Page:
nep-spo New Economics Papers
on Sports and Economics
Issue of 2015‒02‒05
five papers chosen by
João Carlos Correia Leitão
Universidade da Beira Interior

  1. What happens when employers are free to discriminate? Evidence from the English Barclays Premier Fantasy Football League By Alex Bryson; Arnaud Chevalier
  2. Democracy and football. By Ignacio Lago-Peñas; Carlos Lago-Peñas; Santiago Lago-Peñas
  3. Late career of superstar soccer players: win, play, or gain? By Martina Gianecchini; Alberto Alvisi
  4. Form or function?: the effect of new sports stadia on property prices in London By Gabriel M. Ahlfeldt; Georgios Kavetsos
  5. Success is Something to Sneeze at: Influenza Mortality in Regions that Send Teams to the Super Bowl By Charles Stoecker; Nicholas J. Sanders; Alan Barreca

  1. By: Alex Bryson; Arnaud Chevalier
    Abstract: Research on employers’ hiring discrimination is limited by the unlawfulness of such activity. Consequently, researchers have focused on the intention to hire. Instead, we rely on a virtual labour market, the Fantasy Football Premier League, where employers can freely exercise their taste for racial discrimination in terms of hiring and firing. The setting allows us to eliminate co-worker, consumer-based and statistical discrimination as potential sources of discrimination, thus isolating the effects of taste-based discrimination. We find no evidence of racial discrimination, either in initial hiring or through the season, in a context where employers are fully aware of current and prospective workers’ productivity.
    Keywords: Race; labour market discrimination; football
    JEL: J15 J23 J24 J71 M51
    Date: 2014–07
  2. By: Ignacio Lago-Peñas; Carlos Lago-Peñas; Santiago Lago-Peñas
    Abstract: In this paper we explore to what extent political regimes affect the competitive balance in domestic football (soccer) leagues. Relying on data from around 50 European countries and over 2,000 domestic leagues, we show that the percentage of league competitions won by the most successful club in the country is substantially lower in democracies than in non-democracies. Democratic transitions and higher levels of democracy trigger pressures to increase the competitive balance in football leagues in two ways. First, the link between non-democracies and specific teams breaks when a country experiences a transition to democracy. Second, the economic liberalization that takes place in transitions to democracy disperses resources and generates competition among descending and ascending teams. Finally, the competitive balance of domestic leagues has not been greatly affected by the Bosman transfer ruling, a sectorial liberalization shock on football labor markets.
    Keywords: Democracy, Football, Market, Political Regime, Transition
    JEL: L83 P52
    Date: 2015–01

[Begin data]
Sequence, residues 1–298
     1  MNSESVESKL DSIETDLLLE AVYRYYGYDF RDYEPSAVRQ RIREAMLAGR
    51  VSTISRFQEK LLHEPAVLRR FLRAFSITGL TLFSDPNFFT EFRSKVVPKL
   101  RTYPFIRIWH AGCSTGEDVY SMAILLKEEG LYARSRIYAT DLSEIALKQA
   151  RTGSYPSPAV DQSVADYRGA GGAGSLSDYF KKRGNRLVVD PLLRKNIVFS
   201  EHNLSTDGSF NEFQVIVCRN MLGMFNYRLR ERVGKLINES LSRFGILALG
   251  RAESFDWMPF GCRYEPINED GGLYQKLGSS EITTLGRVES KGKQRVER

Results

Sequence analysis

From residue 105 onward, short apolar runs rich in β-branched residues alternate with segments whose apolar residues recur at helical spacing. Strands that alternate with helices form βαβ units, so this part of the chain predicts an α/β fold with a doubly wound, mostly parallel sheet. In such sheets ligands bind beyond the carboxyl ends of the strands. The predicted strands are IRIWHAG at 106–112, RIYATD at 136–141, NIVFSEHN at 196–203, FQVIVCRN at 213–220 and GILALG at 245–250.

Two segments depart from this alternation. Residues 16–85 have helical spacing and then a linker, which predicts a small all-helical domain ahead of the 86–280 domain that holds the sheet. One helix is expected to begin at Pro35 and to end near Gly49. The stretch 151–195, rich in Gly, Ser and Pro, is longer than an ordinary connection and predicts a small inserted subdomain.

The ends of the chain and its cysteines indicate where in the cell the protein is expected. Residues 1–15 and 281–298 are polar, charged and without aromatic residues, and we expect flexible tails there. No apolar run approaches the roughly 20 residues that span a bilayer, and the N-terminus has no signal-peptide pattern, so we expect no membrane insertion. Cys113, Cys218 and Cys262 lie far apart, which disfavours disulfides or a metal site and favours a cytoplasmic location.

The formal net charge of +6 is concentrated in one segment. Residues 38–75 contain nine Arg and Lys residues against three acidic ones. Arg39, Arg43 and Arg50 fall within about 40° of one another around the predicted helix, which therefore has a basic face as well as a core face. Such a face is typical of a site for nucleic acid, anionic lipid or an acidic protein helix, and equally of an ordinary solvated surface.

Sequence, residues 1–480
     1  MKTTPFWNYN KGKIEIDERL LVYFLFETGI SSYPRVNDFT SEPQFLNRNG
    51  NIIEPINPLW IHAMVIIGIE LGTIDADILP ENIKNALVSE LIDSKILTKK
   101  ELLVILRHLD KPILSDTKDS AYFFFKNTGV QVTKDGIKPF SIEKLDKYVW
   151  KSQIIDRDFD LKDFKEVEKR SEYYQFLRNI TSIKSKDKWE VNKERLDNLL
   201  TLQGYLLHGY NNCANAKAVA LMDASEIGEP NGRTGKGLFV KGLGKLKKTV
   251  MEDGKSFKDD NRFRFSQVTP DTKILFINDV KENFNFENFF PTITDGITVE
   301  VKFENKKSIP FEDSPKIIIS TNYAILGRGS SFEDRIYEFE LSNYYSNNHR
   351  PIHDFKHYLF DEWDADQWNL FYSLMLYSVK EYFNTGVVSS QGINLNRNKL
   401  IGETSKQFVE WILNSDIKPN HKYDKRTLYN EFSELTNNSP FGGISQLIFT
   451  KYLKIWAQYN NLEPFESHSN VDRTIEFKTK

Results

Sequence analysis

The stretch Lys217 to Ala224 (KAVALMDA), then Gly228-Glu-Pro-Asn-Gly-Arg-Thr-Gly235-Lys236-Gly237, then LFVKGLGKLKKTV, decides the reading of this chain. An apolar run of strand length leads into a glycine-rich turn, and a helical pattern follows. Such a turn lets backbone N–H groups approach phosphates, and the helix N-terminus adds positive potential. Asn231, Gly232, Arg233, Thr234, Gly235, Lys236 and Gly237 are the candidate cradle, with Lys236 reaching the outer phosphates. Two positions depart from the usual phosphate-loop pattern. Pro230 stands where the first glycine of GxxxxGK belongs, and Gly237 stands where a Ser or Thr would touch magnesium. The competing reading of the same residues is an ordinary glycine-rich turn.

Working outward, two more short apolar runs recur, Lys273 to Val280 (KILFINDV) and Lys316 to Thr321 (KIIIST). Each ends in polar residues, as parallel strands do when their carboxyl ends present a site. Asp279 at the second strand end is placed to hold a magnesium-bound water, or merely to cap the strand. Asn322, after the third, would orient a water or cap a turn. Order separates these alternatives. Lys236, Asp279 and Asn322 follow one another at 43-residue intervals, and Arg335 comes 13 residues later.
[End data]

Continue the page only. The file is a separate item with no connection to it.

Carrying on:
3. By: Martina Gianecchini (University of Padova); Alberto Alvisi (University of Padova)
    Date: 2015–01
  4. By: Gabriel M. Ahlfeldt; Georgios Kavetsos
    Abstract: Professional sports facilities are among the most expensive development projects. Assessing the external effects related to these and the channels through which these effects operate is a challenging task. We propose a strategy to value the external effects stadia deliver to their neighbourhoods based on the variation of property prices. Our strategy allows for unobserved spatial heterogeneity, anticipation effects, and disentangles the stadium’s function as a sports facility from its form as a physical structure that (visually) dominates the neighbourhood. We apply this strategy to two of the largest stadium projects of the recent decade, the New Wembley and the Emirates Stadium in London. Our results suggest there are positive stadium effects on property prices, which are large compared to construction costs. Notable anticipation effects are found immediately following the announcement of the stadium plans. We further argue that stadium architecture plays a role in promoting positive spillovers to the neighbourhood.
    Keywords: neighbourhood amenities; property prices; sport; stadium impact
    JEL: F3 G3
    Date: 2014–01–07
  5. By: Charles Stoecker (Department of Global Health Management and Policy, Tulane University School of Public Health and Tropical Medicine); Nicholas J. Sanders (Department of Economics, College of William and Mary); Alan Barreca (Department of Economics, Tulane University)
    Abstract: Using county-level Vital Statistics of the United States data from 1974-2009, we employ a differences-in-differences framework comparing influenza mortality rates in Super Bowl-participating counties to non-participants. Having a local team in the Super Bowl causes an 18% increase in influenza deaths for the population over age 65, with evidence suggesting one mechanism is increased local socialization. Effects are most pronounced in years when the dominant influenza strain is more virulent, or when the Super Bowl occurs closer to the peak of influenza season. Mitigating influenza transmission at gatherings related to large spectator events could have substantial returns for public health.
    Keywords: influenza, externality, Super Bowl
    JEL: I18 L83 R53
    Date: 2015–01

This nep-spo issue is ©2015 by João Carlos Correia Leitão. It is provided as is without any express or implied warranty. It may be freely redistributed in whole or in part for any purpose. If distributed in part, please include this notice.
General information on the NEP project can be found at For comments please write to the director of NEP, Marco Novarese at <>. Put “NEP” in the subject, otherwise your mail may be rejected.
NEP’s infrastructure is sponsored by the School of Economics and Finance of Massey University in New Zealand.